Six US personnel killed in Kabul suicide blast
"Two International Security Assistance Force service members
and four ISAF contracted civilians died," the NATO-led ISAF
mission said in a statement
The explosion took place in the industrial zone of the capital at about 8 am local time (03:30 GMT). The suicide bomber attacked the convoy with a car packed with explosives, according to local officials. The massive blast set nearby buildings on fire, rattled structures on the other side of the city and left body parts strewn across the streets.
Fifteen people in total were killed and 40 were wounded, according to the Afghan Health Ministry, which adds that some of the bodies are unidentifiable.
"Some of the dead civilians were badly burnt and cannot be recognized," Kaneshka Baktash, a spokesman for the Health Ministry, told Reuters.
NATO confirmed “an explosion occurred on a coalition convoy in Kabul”, according to spokesman Lt Quenton Roehricht, cited by AP. Afghan President Hamid Karzai strongly condemned the "cowardly" attack.
"Terrorists and enemies of Afghanistan's peace brutally
targeted a residential area," Karzai said in a
The Hezb-e-Islami insurgent group, with links to the Taliban,
claimed responsibility for the blast.
"We planned this attack for over a week, our target was
American advisers," Hezb-e-Islami spokesman Haroon Zarghoun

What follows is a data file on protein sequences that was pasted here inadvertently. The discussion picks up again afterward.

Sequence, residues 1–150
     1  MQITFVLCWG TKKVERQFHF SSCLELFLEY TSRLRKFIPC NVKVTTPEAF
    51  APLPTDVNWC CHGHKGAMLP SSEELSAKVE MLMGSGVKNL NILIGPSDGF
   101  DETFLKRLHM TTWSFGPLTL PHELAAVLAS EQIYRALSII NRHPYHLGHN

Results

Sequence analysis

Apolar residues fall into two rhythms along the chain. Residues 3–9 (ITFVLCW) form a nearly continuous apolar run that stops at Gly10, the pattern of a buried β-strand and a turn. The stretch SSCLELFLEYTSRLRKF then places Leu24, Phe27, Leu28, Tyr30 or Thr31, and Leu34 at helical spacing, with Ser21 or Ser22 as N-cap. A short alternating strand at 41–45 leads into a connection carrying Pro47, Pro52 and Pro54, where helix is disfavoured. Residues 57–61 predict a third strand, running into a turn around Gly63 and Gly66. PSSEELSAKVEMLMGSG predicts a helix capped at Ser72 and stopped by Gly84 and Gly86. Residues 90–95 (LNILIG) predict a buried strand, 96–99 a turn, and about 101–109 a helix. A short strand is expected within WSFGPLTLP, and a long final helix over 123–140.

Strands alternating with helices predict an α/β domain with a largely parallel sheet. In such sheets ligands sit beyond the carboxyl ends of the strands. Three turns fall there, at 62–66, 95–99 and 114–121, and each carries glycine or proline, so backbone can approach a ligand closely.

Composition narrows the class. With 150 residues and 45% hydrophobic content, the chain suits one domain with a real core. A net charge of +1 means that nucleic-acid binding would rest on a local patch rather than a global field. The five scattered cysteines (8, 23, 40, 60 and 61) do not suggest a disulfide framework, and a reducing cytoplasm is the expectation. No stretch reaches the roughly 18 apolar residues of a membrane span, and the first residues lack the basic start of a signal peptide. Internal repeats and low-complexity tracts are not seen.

told Reuters by telephone, adding that the bomb killed 12
Americans. Officials however warn that insurgents tend to
exaggerate death tolls.
The militants said the assault was conducted by a new
suicide unit which was created in light of reports that the
American military intends to keep permanent bases and troops in
Afghanistan even after the planned 2014 US troop
The group had previously carried out a suicide attack on a minibus in September 2012, killing
14 people. Russian and South African pilots were among casualties
of the explosion, which Hezb-e-Islami claimed was in response to a
film mocking the prophet Muhammad.
Hezb-e-Islami means Islamic Party and is a radical militant group sharing much of the Taliban ideology.
The last major suicide bombing took place in the capital in March, when a man blew himself up next to the Defense Ministry, leaving nine Afghans dead. It happened during the state visit by US Defense Secretary Chuck Hagel.